Segregation of Duties
Segregation of duties, and specifically segregation of cybersecurity management duties, is a practice that helps mitigate risks that integrated IT/security staffing can fail to reduce or even enable in the first place. The concept of segregating duties as risk management is already in place in some areas in financial institutions. For example, the chief lending officer would not be the person approving loans, nor would one person alone be in charge of outgoing wires. This practice can and should be extended into a financial institution’s cybersecurity operations, but it is common in IT to see one person responsible for both setting up and monitoring the email system or to be responsible for both the network and penetration testing.
The first step in using this concept to protect your network is to identify the risks you face. These include potential fraud, security breaches, information theft, circumvention of security controls, and human error. In fact, in 2016, roughly 80% of breaches were tied to human error. It is clear that reducing the risk associated with employee error (or intentional malfeasance) and organizational structure is important.
The overarching goal of segregation is to take away the ability for individuals to have conflicting duties or to be in a position to be in charge of reporting on themselves or their superiors. In a cybersecurity operation, can any one person alter, destroy or steal data without being detected? Does any one person have influence over controls design, implementation, and reporting of effectiveness of those same controls? If so, segregation of duties must be considered to mitigate risk, prevent harmful acts, and ensure a complete understanding and awareness of the security operation by all stakeholders.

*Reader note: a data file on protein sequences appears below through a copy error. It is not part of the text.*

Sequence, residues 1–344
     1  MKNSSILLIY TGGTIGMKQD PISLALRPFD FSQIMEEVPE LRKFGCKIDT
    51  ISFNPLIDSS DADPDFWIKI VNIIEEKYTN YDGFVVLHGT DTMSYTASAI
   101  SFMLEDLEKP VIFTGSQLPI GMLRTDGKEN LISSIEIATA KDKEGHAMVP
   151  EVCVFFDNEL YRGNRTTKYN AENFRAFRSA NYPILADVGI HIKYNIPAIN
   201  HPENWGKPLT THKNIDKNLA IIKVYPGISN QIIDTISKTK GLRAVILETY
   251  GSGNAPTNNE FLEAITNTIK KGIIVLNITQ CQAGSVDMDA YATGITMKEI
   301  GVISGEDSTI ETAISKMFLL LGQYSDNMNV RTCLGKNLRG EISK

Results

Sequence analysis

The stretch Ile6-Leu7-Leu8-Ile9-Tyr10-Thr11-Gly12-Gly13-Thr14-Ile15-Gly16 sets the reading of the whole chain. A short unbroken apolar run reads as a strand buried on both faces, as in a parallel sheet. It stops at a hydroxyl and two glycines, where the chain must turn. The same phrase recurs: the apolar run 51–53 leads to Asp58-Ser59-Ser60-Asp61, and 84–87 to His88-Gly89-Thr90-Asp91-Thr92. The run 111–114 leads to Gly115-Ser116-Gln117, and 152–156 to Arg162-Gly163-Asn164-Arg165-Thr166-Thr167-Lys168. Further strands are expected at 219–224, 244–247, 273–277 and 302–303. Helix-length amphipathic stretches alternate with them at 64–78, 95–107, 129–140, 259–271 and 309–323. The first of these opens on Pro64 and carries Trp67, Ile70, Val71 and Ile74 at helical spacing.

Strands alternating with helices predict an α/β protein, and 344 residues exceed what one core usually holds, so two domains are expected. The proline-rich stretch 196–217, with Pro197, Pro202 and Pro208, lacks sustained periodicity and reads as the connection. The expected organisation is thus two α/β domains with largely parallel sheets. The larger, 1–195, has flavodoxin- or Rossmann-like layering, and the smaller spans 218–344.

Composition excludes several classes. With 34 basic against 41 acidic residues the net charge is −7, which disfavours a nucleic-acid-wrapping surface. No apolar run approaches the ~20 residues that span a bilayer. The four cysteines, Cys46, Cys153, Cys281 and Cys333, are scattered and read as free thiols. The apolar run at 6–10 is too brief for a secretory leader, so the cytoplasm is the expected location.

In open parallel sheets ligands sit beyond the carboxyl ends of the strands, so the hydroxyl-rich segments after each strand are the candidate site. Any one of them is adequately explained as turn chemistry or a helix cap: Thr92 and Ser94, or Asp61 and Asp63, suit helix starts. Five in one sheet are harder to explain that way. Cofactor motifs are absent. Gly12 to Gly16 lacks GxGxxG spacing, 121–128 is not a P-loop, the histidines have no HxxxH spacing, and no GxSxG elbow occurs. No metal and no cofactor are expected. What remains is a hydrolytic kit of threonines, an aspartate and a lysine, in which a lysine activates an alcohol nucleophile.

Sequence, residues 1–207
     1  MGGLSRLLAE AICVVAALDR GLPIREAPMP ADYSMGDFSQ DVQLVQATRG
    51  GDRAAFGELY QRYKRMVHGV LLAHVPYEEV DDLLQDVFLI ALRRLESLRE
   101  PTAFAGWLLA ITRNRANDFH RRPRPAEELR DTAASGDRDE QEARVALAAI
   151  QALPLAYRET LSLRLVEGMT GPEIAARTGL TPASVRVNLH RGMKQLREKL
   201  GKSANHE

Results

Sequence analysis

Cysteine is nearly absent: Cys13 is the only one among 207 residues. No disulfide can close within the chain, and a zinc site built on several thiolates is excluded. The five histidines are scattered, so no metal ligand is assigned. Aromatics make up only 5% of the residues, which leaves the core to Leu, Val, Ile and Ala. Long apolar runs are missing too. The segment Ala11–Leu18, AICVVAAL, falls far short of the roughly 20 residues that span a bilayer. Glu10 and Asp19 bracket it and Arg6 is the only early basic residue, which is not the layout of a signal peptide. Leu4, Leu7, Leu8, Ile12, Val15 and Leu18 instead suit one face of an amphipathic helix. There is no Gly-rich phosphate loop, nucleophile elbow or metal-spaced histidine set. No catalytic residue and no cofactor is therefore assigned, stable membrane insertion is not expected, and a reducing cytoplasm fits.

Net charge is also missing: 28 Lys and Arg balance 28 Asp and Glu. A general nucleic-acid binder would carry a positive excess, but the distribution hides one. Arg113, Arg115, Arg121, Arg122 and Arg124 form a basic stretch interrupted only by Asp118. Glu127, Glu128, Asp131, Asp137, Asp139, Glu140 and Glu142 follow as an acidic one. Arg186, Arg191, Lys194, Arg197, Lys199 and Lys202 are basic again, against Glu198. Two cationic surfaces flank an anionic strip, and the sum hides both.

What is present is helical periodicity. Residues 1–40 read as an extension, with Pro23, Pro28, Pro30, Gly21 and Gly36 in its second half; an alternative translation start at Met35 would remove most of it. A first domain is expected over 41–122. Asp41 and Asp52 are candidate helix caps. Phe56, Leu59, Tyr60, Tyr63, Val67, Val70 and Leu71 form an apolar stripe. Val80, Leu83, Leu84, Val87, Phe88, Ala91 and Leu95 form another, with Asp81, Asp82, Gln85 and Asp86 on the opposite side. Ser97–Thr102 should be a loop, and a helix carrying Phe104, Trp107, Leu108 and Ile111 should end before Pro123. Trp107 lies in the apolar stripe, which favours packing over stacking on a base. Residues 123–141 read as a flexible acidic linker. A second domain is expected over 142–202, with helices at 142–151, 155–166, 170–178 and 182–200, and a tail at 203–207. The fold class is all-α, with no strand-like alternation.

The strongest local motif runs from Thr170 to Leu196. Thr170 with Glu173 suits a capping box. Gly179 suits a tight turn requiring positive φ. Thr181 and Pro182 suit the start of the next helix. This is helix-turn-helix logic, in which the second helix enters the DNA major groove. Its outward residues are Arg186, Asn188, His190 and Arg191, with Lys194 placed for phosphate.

The importance of segregation of duties is bolstered by the frequent attention given by the FFIEC guidelines. Governance, risk, and compliance are specifically highlighted at the corporate leadership level and again at the IT management level. Deficiencies in the area of segregating duties are often called out in audits.
If the goal is to have segregation of duties, how does an organization begin to move towards that goal? An individual should be designated as responsible for each of your security processes. Information security reports should be brought to the board of directors by a designated CISO. The CISO should also report to the audit committee, provided the committee doesn’t report to the CFO. A third party should be engaged to conduct audits and testing, and potentially even to monitor security.
Chris Johnson, onShore’s Security Compliance Strategist, can answer any questions you might have about segregation of duties. To reach him, call onShore at 312-850-5200.